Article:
Our perception was that they didn't try very hard and gave up at the first hint of trouble. But by God we were expected to feel grateful that they were "there for us".
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Old 01-23-2011, 10:20 PM   #13
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Note: I am not the one ranting about the situation here. My mom and our aunts are. I live thousands of miles away from my folks and I don't have a dog in that fight.
So your mom and aunts asked that you post the situation for discussion on the FIRE forum? Sort of like asking you to write Ann Landers for them.........


Quote:
Setting boundaries has proven difficult.
If you're really concerned that your mom is being taken advantage of by your sister and lacks the will to set boundaries to improve the situation, you'll need to speak to either your mom, your sister or both. Your intrusion may or may not be welcome. But you will have done what you can to correct a situation you see as wrong.
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Old 01-23-2011, 10:41 PM   #14
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So your mom and aunts asked that you post the situation for discussion on the FIRE forum? Sort of like asking you to write Ann Landers for them.........
I guess I shouldn't have posted the story. Sorry for wasting your time.
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Old 01-23-2011, 10:58 PM   #15
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I guess I shouldn't have posted the story. Sorry for wasting your time.
The story is interesting FD, it's just tough to try to help, or even understand what is really driving the particular family dynamics you described, with the information we have. Only you can tell if it will be possible for you to help your mom set limits on her involvement or if you could work with your sister to help her understand that she's asking (apparently) too much from your mom.

Clearly the situation is bothering you and you're worried about your mom. Hopefully it will be resolved for everyone's sake. But at arms length it's impossible to tell why your mom lacks the will to say "no" or why your sister asks for too much. I hope it works out.......
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Old 01-23-2011, 11:39 PM   #16
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I guess I just don't understand why your mom or the aunts don't just say no thanks. I don't have grandkids yet but my husband does (even great grandkids -- he married young) and I can't imagine him putting up with something like that. My position is that I've raised my children and at the time I'm sure I'll want to spend time with grandchildren but if I didn't want it to be a full time job I would have no problem saying so....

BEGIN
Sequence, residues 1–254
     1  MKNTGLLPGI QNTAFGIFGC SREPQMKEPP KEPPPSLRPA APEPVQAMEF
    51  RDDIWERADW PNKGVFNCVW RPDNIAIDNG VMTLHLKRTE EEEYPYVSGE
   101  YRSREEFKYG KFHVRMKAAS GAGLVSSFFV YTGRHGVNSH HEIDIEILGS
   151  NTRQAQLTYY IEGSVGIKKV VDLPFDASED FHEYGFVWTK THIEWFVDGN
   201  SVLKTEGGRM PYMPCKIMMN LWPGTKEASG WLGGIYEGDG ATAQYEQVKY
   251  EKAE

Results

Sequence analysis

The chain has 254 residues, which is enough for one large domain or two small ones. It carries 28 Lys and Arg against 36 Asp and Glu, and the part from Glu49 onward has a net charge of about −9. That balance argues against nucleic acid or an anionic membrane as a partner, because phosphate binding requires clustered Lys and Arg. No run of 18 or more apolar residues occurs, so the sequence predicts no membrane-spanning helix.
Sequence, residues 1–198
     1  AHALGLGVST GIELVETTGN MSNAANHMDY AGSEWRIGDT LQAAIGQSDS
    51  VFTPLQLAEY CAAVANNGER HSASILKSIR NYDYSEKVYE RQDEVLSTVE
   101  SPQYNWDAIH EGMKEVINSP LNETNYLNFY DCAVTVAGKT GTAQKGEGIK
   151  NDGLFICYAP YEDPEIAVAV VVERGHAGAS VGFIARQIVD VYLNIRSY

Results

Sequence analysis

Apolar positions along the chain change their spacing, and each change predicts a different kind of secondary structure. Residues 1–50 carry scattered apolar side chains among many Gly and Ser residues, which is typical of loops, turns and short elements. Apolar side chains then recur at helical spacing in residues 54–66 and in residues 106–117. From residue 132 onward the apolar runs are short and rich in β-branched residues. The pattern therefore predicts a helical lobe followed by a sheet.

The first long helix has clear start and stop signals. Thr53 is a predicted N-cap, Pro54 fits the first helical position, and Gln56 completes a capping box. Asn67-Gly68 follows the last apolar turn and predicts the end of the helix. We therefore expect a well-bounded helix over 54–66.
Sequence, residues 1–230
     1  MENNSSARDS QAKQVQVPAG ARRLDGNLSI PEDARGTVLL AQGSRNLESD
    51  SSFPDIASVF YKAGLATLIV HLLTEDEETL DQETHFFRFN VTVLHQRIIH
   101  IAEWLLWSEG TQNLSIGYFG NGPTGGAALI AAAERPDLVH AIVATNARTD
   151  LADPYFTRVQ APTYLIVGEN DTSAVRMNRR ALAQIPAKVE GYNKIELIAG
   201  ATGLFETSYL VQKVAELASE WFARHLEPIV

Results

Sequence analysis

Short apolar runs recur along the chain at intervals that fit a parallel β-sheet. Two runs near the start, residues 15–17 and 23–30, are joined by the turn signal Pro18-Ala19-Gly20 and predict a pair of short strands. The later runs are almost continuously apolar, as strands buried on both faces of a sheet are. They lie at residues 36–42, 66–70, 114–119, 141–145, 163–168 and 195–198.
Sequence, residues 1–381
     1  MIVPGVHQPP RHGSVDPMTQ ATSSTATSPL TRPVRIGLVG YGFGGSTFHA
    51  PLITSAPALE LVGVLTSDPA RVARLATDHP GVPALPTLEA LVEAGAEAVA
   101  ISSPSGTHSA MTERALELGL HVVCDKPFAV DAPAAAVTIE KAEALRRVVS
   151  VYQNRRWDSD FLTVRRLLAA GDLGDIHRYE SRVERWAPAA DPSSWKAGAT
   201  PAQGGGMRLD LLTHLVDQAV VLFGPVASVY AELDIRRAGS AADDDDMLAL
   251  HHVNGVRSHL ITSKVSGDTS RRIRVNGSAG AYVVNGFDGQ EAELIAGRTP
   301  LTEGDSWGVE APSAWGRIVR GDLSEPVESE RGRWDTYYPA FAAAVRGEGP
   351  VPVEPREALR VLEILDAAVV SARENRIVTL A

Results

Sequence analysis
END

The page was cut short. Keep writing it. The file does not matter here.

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Old 01-24-2011, 12:17 AM   #17
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I find the story interesting as well.
I am the parent of 4 kids and while I will love grandkids one day, I have made it perfectly clear (and hopefully DW won't sabotage this) that as grandparents we are more than happy to visit and have fun with the kids but we are not raising them, we have done/are doing that now.
I always hear the nice thing about being the grandparent is when the kid(s) become fussy or messy, you can always hand them off to the parent

We plan to be the type KM describes
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Old 01-24-2011, 02:50 AM   #18
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It takes two to tango....

The morale of this post is IMHO:
As a future grandparent learn early to set your boundaries and help your partner to do the same.
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Old 01-24-2011, 05:05 AM   #19
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Common lament.. Two working spouses get grandma to do the day care. All kinds of good reasons for grams to do it... except it turns into a full-time job.

Fine if grams wants to do it. Not fine if she has been coerced (through guilt).

While some people are in situations where they need the help because they cannot afford day care... those that can afford it should not just assume that grandma = day care facility.


I have also wondered how many of those grandmas (who commit to being day care) get shuffled off to a Nursing home the first problem they have instead of DD or DS taking them in and caring for them till the end! My observation is that it is rare.
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Old 01-24-2011, 07:37 AM   #20
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This just sounds like a dysfunctional bunch of people. Both the kids and the grandparents. A lot of grandparents take care of the grandkids either because they want to or feel they have to because their kids can't handle it financially or otherwise. But, in this case, there is no compelling reason to do it and the gramps don't like it. So grow a spine and stop for goodness sake!

And as to the thread title -- yes there are lots of us.